Individual Author Record
Name: AnaLouise KeatingPen Name: None Genre: Born: in Chicago, Illinois Sites:
Illinois ConnectionKeating was born in Chicago and educated in Illinois. She received her BA in English from Wheaton College and her MA and PhD from the University of Illinois, Chicago.
Biographical and Professional InformationKeating is Professor of Women’s Studies at Texas Woman’s University. She has taught composition, U.S. American literature, English, and women’s studies. She is the author/editor of eight books, including Women Reading, Women Writing: Self-Invention in Paula Gunn Allen, Gloria Anzaldúa, and Audre Lorde; EntreMundos/AmongWorlds: New Perspectives on Gloria Anzaldúa; this bridge we call home: radical visions for transformation (co-edited with Anzaldúa); The Gloria Anzaldúa Reader, and Anzaldúa’s Interviews/Entrevistas. She has published articles on Chicana/Latina authors, African-American literature, queer studies, multiculturalism, eighteenth- and nineteenth-century U.S. writers, feminist theory, and pedagogy.
- Woman Reading, Woman Writing, Temple University Press, 1991
- Teaching Transformation: Transcultural Classroom Dialogues, Palgrave Macmillan, 2007.
Titles At Your Library
Women Reading Women Writing
ISBN: 1566394198 Temple University Press. 1996 As self-identified lesbians of colour, Paula Gunn Allen, Gloria Anzaldua, and Audre Lorde negotiate diverse, sometimes conflicting, sets of personal, political, and professional worlds. Drawing on recent developments in feminist studies and queer theory, AnaLouise Keating examines the ways in which these writers, in both their creative and critical work, engage in self-analysis, cultural critique, and the construction of alternative myths and representations of women. Allen, Anzaldua, and Lorde move within, between, and among the specialized worlds of academia and publishing the private spaces of families and friends the politicized communities of Native Americans, Chicanas/os, and African Americans and the overlapping, yet distinct worlds of feminist, lesbian/gay, and U.S. women of colour. They translate their lives into words and enact new forms of identity that blur the boundaries between apparently distinct peoples. Keating explores how, by revising precolonial mythic and cultural traditions, they invent new ways of thinking that destabilize the networks of classification. AnaLouise Keating teaches English and Women's Studies at Eastern New Mexico University.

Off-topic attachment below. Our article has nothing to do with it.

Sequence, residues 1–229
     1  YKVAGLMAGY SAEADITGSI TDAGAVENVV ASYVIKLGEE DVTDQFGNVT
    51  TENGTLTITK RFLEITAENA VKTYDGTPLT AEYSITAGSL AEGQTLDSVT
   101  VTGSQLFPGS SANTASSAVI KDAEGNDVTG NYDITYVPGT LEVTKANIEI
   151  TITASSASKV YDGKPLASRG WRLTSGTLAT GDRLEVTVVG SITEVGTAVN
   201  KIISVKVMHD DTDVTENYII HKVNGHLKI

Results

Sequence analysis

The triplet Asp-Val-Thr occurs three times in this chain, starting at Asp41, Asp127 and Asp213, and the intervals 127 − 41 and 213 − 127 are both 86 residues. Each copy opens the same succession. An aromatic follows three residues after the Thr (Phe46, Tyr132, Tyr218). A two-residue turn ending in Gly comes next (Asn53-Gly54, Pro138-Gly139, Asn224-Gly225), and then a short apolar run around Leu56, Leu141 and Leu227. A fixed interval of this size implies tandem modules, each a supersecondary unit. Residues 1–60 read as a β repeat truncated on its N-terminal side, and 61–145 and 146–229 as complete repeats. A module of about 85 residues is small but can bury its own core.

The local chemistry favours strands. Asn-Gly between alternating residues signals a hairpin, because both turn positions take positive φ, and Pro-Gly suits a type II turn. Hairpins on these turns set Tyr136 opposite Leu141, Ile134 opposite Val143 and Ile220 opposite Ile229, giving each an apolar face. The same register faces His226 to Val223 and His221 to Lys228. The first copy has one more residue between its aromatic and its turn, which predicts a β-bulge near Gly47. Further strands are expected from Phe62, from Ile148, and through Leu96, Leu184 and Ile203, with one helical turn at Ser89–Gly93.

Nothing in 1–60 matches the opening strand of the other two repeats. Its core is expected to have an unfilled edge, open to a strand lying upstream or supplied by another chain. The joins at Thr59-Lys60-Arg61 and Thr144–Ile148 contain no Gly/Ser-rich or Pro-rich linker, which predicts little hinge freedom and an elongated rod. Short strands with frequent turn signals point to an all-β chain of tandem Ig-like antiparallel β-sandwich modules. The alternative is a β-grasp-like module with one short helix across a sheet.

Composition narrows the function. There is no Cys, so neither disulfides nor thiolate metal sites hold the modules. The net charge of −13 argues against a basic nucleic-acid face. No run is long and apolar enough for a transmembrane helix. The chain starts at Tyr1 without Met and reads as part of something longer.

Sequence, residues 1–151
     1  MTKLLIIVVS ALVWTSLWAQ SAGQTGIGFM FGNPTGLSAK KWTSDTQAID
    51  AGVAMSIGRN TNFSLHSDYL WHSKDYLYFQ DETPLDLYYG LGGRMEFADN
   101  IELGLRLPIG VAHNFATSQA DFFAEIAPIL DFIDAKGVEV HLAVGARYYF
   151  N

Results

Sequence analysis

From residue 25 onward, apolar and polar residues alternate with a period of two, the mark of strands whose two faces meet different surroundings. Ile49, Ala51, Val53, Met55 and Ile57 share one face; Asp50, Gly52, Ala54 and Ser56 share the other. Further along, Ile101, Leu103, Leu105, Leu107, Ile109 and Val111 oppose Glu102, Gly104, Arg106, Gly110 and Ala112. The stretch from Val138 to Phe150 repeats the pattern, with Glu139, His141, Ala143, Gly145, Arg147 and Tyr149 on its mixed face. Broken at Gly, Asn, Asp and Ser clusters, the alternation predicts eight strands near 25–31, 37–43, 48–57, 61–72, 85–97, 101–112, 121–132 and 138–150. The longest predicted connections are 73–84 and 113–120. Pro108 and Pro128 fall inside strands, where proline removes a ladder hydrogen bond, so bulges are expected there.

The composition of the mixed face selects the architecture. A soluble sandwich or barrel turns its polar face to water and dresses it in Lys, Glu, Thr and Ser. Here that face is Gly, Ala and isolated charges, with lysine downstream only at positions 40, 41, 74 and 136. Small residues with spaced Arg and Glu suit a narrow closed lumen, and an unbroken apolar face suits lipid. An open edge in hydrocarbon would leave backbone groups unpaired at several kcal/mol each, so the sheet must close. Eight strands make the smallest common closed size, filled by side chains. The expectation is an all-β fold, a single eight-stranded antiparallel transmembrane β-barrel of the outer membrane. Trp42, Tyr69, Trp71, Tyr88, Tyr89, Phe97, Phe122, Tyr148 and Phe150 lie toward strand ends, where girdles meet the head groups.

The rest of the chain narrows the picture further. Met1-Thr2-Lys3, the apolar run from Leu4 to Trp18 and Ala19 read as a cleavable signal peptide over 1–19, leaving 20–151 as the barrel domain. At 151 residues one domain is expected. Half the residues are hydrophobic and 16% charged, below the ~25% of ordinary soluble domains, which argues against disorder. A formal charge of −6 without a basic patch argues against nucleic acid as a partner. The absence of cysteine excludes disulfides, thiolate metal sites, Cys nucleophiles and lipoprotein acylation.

Teaching Transformation: Transcultural Classroom Dialogues
ISBN: 0230104908 Palgrave Macmillan. 2010
Drawing on indigenous belief systems and recent work in critical "race" studies and multicultural-feminist theory, Keating provides detailed step-by-step suggestions, based on her own teaching experiences, designed to anticipate students' resistance to social-justice issues and encourage them to change. She offers a holistic approach to theory and practice.